We took the overnight train to Chicago, not getting much sleep but passing through idyllic-looking rural farm land along the way. The Chicago stop-over was supposed to be brief – a one night stay in the downtown hostel with a quick visit to Lake Michigan and Anish Kapoor’s Cloud Gate sculpture. However, when we turned up at the station the next day to board the California Zephyr, we were told that it was cancelled and were then ushered into a small ‘Amtrak customer service’ room full of irate people and one fraught Amtrak staffer. Apparently a barge had hit a railway bridge in a flooded area near Omaha and the Zephyr trains just arriving into Chicago were 17 hours late, so their solution was to cancel all trains for at least three days to let the congestion die down. The difficulty for Amtrak is that they don’t own most of the rails their trains operate on, they lease them from other companies (often part owned by freighter operators) and therefore they do not, for the most part, have priority over freight trains and are therefore subject to very long hold-ups.

It looked like we would be stuck in Chicago for at least five days (the earliest train they could get us on was Sunday and it was only Tuesday). Typically, it was the weekend of Lollapalooza – the biggest music festival in the city’s calendar – so there were no cheap rooms left anywhere. Most places were sold out or quoted us $400 + per night. Going back to the Amtrak desk, a slightly more hospitable lady gave us a list of hotels which might offer us an Amtrak staff rate if we said the magic words Amtrak and delay. Luckily this worked and we were able to get a room for four of the five nights we needed somewhere downtown (we’d worry about the last night later). Although this was a fairly low point in the trip so far, we did happen to meet a really lovely lady in the passenger waiting room who had just disembarked from the 17hr delayed Zephyr coming from California. She was headed to London and very sweetly offered for us to stay in her house in Berkeley if we needed somewhere to crash when we got to San Francisco. Her trustfulness and generosity perked us up and helped us to remember why we were travelling in the first place.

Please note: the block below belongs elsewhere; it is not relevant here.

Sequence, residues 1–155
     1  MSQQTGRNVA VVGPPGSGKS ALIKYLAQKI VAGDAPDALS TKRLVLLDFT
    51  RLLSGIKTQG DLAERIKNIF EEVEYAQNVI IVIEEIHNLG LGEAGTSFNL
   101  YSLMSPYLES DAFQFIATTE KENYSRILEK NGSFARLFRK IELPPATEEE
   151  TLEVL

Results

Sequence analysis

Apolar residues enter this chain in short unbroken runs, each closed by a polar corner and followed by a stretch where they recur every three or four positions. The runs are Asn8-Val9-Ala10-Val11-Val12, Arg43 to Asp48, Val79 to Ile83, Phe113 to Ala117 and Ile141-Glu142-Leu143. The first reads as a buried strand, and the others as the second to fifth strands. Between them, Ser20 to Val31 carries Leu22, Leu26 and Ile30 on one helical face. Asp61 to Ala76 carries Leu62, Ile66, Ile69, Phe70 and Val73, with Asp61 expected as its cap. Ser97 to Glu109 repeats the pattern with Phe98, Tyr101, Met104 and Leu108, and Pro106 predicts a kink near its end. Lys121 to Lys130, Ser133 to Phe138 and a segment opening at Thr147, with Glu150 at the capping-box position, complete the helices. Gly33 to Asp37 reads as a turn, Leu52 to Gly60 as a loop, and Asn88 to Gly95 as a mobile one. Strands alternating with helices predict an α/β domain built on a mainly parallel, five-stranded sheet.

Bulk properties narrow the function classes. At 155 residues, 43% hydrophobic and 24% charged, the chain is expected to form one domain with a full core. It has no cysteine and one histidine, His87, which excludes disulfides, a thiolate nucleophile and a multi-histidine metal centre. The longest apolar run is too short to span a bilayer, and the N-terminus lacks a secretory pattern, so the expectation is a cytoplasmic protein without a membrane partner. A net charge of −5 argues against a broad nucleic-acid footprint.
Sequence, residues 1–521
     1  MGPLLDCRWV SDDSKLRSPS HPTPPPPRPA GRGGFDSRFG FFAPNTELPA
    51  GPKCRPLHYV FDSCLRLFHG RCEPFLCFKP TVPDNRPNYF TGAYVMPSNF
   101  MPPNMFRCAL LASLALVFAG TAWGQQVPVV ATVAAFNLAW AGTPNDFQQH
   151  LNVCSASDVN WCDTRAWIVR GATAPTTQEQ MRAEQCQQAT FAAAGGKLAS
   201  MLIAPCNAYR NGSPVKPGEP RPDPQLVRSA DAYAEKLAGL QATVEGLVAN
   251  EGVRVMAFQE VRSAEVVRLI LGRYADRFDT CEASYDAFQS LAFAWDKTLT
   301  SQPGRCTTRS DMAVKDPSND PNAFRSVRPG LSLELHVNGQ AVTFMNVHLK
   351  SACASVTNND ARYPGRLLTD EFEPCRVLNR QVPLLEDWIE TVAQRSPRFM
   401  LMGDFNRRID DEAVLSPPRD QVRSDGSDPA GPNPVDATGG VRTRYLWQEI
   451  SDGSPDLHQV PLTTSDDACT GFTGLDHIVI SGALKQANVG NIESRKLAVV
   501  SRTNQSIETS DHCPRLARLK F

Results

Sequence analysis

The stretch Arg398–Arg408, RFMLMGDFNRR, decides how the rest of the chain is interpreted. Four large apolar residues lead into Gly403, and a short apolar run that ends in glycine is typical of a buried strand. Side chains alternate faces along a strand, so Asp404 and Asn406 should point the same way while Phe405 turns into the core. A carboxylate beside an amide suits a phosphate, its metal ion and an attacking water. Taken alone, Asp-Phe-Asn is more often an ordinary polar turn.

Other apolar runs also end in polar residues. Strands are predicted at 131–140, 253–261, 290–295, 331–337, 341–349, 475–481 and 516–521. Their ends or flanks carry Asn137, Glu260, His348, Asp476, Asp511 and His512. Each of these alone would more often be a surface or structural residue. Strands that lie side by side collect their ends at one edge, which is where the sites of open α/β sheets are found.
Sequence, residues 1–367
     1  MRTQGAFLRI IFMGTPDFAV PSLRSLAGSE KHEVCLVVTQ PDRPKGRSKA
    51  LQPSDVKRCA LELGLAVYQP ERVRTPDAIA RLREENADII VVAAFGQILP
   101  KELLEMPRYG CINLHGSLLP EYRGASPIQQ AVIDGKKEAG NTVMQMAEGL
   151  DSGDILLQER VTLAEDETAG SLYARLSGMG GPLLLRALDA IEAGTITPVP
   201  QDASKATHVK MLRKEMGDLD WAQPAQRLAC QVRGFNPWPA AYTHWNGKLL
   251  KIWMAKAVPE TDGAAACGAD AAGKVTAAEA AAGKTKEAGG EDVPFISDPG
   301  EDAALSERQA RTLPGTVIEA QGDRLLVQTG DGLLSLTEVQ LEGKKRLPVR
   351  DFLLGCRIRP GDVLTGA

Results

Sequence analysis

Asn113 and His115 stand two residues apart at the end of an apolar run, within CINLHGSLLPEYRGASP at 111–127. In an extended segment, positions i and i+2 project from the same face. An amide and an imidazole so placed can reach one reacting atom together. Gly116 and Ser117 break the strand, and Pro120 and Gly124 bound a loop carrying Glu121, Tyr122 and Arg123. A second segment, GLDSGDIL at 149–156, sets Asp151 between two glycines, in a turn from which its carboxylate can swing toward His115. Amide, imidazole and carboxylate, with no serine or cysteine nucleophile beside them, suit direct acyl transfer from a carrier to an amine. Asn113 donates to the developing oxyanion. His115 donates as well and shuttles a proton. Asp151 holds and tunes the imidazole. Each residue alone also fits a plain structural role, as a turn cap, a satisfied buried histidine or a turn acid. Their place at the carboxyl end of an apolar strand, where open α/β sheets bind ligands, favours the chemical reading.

Although we were keen to leave skyscraper cities behind, we couldn’t help but like Chicago and not only because there was a fantastic lightning storm on our first night. While we were here we spent most of our time camped out in the Argo tea shop reading, using the free wifi and making useless pencil marks on maps. When not in the tea shop, we were on the phone trying to get through to the Amtrak reservation line; exploring cinemas (we particularly liked the Gene Siskel film centre where we watched the ‘Road to Nowhere‘,  an Altman-esque exploration into movie making directed by Monte Hellman, well-known for his low budget ‘existential westerns’ and the 1971 American road movie Two-Lane Blacktop); or eating/drinking cups and cups of $3 soup at Fox and Obel’s market (see food section for more). We were also impressed with the number of independent coffee houses (Café Descartes being our favourite) and free exhibitions we found. One of the more interesting ones had a piece on a photographer called Joel Sternfeld, whose photographs (collected together in a book called When it Changed) documented the look on the faces of delegates at the Montreal 2005 UN conference on climate change as they took in statistics and figures relating to global warming.

Four days went by fairly quickly and as the city began to swell with the thousands of people arriving for Lollapalooza, we got ready to spend the night in a 24-hour café. At the last moment however, a space became available on the Zephyr for Saturday and so we’ll have to leave that experience for another time.


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